Now along comes The Buddha on PBS, a documentary that seems to say, ever so quietly, goodbye to all that. Filmmaker David Grubin gives us a Buddhism that's ready to be seen as just another part of the religious landscape—no longer exotic, countercultural, "New Age," or in any way sensational. (Even the film's too-predictable narrator, Richard Gere, stays out of the spotlight—tastefully offstage, heard but not seen.)
Grubin opens with women working in lush fields and the sound of Indian-inflected strings and flute, as Gere's voice gently begins what could be a bedtime story: "2,500 years ago, nestled in a fertile valley along the border between India and Nepal, a child was born who was to become the Buddha"—which, as we learn, means the "awakened one," an enlightened being. "The world is filled with pain and sorrow, the Buddha would one day teach," Gere's co-narrator Blair Brown tells us. "But I have found a serenity, he told his followers, that you can find too."
Tracing the arc of the Buddha's life—an epic physical and interior journey to enlightenment, a kind of extended parable passed down by oral tradition and eventually preserved in scripture—Grubin takes us on a pilgrimage to the four major sites of Buddhist lore. Along the way we're treated to gorgeous photography of a contemporary—and idealized—religious India. The camera moves over Buddhist art from across Asia, illustrating the narrative. It's high-class stuff. Even the playful, dreamlike animated sequences, wisely used to dramatize the mythical and supernatural elements of the ancient stories, have a classical feel.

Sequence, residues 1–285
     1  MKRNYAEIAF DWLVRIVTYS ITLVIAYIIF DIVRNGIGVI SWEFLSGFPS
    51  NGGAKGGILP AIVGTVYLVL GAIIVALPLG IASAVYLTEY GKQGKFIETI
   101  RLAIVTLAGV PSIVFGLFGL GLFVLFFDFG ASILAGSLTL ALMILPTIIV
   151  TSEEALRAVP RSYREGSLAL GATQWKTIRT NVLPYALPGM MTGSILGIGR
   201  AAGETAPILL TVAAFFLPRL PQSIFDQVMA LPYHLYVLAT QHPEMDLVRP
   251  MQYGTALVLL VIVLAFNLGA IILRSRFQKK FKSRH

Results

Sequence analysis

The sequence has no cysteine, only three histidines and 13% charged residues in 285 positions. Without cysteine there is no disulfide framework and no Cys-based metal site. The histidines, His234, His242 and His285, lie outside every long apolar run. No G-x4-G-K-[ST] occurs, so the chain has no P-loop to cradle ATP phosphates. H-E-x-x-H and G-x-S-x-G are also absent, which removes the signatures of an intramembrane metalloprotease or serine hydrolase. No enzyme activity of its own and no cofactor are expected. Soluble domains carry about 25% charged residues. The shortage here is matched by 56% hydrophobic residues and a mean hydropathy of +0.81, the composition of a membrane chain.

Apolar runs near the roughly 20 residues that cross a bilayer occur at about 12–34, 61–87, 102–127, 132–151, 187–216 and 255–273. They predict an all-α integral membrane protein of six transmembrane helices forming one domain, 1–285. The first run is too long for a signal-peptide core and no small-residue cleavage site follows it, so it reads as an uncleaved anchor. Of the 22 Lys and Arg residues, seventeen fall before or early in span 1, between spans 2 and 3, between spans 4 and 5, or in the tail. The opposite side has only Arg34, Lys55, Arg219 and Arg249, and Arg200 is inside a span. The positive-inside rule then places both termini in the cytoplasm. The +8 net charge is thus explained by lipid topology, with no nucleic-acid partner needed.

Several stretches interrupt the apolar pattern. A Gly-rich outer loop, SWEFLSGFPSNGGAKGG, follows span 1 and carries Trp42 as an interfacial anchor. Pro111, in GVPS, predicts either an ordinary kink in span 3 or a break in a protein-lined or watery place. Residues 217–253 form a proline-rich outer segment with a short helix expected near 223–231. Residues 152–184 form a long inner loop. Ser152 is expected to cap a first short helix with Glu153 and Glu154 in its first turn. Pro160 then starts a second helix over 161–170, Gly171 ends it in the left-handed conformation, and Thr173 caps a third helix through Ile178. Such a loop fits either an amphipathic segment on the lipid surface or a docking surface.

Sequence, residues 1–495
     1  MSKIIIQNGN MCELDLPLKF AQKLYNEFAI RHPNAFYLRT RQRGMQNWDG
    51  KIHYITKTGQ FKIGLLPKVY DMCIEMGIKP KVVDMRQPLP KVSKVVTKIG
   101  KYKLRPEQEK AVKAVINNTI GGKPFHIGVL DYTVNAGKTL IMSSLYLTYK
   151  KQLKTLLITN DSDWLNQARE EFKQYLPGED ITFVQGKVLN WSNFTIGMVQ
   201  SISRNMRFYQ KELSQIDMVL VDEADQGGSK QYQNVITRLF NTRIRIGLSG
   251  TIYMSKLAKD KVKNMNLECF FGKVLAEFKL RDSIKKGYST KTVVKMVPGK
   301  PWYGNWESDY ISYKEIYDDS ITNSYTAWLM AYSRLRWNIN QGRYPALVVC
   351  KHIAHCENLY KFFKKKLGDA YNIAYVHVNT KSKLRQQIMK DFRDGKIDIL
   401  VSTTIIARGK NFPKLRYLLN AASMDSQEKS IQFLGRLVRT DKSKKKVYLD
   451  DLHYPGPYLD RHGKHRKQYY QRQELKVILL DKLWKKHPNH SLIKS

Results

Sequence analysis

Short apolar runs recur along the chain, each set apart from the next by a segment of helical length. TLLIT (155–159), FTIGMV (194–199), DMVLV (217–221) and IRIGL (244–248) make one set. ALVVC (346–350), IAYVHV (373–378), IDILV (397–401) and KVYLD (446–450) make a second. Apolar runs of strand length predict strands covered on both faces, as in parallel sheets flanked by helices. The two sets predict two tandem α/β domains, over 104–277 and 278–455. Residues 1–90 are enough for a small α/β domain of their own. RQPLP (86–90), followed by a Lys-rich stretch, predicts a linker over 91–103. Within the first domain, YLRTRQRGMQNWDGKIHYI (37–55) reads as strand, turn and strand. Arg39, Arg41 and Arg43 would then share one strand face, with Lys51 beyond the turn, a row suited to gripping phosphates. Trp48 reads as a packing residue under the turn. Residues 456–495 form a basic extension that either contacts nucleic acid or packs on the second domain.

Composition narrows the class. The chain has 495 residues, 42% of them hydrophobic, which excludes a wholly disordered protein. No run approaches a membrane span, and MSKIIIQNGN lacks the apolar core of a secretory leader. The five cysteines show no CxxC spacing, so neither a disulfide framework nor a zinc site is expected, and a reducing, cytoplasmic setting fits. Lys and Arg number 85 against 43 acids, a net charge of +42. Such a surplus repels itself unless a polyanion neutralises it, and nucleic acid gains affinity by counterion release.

Most important, though, is Grubin's cast of on-camera interpreters, American and Asian, who bring the message home. In addition to the Dalai Lama, we meet a smiling and immensely likable young monk and nun in Lumbini, Nepal. But mainly we hear from a group of respected American scholars and writers: Columbia's Robert Thurman (the first American ordained as a monk in the Tibetan tradition), Barnard's Max Moerman, Vermont's Kevin Trainor, the psychiatrist Mark Epstein, the astrophysicist Trinh Xuan Thuan—who offer their authoritative yet lively, even intimate, takes on Buddhist concepts, without mysticism.
But the show-stealers are the American poets W.S. Merwin and Jane Hirshfield. Longtime Zen practitioners, they each have the uncanny ability to make piercing statements, without a trace of self-consciousness, that in other contexts might sound cliched. "Nirvana is this moment seen directly," says Hirshfield, describing Gautama's realization of enlightenment. "It's not something to aim for in the afterlife. It's simply the quality of this moment." Such directness, clear-eyed and deeply felt, is surprisingly effective.